Premises design/layout

The way your premises are designed or laid out can have a big impact on the prevention and management of the risk of work-related violence. You can get detailed advice about how to design premises to reduce the risk of crime from your local authority architectural liaison officer or police crime prevention officer. In the meantime, the following tips should get you started. Remember, you don't need to be doing a major refit to implement some of these measures.

Remember to consider the needs of staff or customers with disabilities when planning changes to the work environment.  

There are several schemes (for example 'Secured by Design') that you can get involved in - why not have a look at the relevant website for more details?

Retail premises


Location of cash tills

High and wide counters

Counters should be high enough to prevent customers climbing or leaning over, wide enough to prevent customers reaching staff, and without gaps at the ends of counters to prevent people walking into staff areas. Designing counters with raised flooring can separate the public from your staff and give better sight lines.

Location of high-value or age-restricted goods

High-value goods should be located in a clearly visible part of the store, away from the exit, on higher shelves, or near/behind the tills where staff can see them.

How customers move around your store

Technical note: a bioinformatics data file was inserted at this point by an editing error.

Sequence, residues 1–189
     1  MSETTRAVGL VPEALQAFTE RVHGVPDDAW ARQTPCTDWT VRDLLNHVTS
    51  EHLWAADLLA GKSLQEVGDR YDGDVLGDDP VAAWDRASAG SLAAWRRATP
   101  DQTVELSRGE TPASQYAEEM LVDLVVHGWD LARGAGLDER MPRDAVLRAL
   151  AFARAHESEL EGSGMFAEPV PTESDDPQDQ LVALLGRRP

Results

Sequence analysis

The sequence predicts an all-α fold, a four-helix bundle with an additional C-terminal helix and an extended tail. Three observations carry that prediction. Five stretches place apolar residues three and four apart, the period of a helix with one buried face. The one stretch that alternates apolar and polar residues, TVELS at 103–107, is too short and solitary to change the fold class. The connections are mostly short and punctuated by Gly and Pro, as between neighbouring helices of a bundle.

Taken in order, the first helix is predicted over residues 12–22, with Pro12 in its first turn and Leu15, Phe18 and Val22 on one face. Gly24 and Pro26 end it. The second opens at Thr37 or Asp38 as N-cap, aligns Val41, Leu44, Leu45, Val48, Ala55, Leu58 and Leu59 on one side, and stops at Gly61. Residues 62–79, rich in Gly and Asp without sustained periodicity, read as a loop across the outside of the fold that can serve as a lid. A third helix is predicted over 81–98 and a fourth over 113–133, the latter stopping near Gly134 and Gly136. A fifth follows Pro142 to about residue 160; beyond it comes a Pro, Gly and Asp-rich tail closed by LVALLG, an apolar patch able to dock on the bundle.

Tell customers where they need to go for checkouts etc and prevent them from entering 'staff only' areas. Depending on the size and nature of your store, routing could include signage, clear queuing lanes, one queue with a call forward system to prevent queue jumping, or a reception point for quick queries.

Outside the building

Licensed premises

The bar area

Sufficient bars and good bar access help to avoid extensive crowding and queuing. Try to use layouts promoting small group formations rather than large areas which can encourage solitary drinkers or large groups. However, you will need sufficient staff to cover your bars. Optimal designs of bar areas may include open plan areas, divided in such a way staff can monitor all customers. Where blind spots are inevitable, carefully positioned CCTV or mirrors can be useful.

High and wide bar counters

Use appropriate furniture, and provide sufficient seating areas

Heavier furniture can't be easily lifted and used as weapons. Try to secure outdoor furniture or provide secure storage for it. Avoid furniture where objects can be hidden, and decide if you need storage for customers' possessions, eg 'Chelsea clips'.

Toilet areas

Updated 2022-12-13